Hearing loss is one of the biggest concerns for many people who work in the railway industry. Those workers who spend time around sliding wall or tank wagons, diesel locomotives and passenger trains experience some of the highest noise levels in the industry.
The Occupational Health and Safety Administration (OSHA) requires railway employers to provide their workers with hearing protection any time their exposure to noise averages 85 decibels for 8 hours. At this point, the noise level may cause irreparable damage to a person’s hearing.
Of course, shorter exposure to a much louder noise can also cause hearing loss. This could happen, for example, if you’re near an explosion, fireworks or a gunshot.
Symptoms of hearing loss aren’t always obvious
You might assume that you’d recognize the symptoms of hearing loss if you began to suffer it. Namely, you’d begin to have a difficult time hearing. However, there are other, less well-known symptoms. These include:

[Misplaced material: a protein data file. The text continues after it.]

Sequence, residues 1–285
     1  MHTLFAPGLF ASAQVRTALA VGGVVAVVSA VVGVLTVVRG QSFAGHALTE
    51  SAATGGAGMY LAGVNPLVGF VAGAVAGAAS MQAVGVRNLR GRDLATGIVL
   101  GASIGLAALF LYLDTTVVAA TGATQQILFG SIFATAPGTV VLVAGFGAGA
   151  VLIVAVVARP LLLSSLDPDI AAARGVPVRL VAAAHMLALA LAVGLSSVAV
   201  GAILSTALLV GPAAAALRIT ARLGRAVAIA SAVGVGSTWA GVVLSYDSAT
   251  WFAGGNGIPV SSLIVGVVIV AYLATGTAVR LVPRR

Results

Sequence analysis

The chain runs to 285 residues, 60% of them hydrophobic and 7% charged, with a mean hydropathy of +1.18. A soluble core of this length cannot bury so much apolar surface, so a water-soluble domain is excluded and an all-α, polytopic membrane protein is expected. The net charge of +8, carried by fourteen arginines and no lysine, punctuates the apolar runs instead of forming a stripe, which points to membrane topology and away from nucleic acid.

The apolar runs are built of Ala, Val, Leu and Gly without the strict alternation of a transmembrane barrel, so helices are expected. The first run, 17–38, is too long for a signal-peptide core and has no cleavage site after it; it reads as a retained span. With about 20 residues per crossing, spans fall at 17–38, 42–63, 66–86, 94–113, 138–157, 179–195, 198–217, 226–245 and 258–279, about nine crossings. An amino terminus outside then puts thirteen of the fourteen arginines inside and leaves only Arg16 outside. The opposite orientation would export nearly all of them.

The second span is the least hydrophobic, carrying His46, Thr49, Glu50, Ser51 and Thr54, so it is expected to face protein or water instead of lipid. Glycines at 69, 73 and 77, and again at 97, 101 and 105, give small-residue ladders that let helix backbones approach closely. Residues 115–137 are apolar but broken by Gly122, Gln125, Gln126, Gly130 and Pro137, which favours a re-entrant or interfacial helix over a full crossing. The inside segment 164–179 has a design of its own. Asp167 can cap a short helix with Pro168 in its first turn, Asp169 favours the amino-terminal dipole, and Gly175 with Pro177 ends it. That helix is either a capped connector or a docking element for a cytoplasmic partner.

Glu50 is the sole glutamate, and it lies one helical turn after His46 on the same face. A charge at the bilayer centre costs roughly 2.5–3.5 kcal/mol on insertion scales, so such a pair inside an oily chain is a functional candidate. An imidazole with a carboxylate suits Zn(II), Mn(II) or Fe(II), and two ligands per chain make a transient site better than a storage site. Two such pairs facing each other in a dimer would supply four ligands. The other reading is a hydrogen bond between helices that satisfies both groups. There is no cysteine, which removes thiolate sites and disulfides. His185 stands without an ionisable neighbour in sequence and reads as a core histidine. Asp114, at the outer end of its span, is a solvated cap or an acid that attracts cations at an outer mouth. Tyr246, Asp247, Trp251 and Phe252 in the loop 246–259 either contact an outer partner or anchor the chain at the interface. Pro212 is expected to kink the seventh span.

- Ringing in the ears, especially when it’s quiet
- Fullness or pressure in the ears
- Speech that sounds far away or muffled when it’s not
Sometimes these symptoms will dissipate, leading someone to assume that there’s not a problem. The cells in your inner ear may still be working. If you continue to endure exposure to the loud noise, then there will be a destruction of those cells as well.
If you are a Connecticut railway employee who has suffered hearing loss, you may be required to prove that your injury is the result of your work and not due to outside factors in order to get benefits under the Federal Employers Liability Act (FELA). An experienced attorney can help you make your case.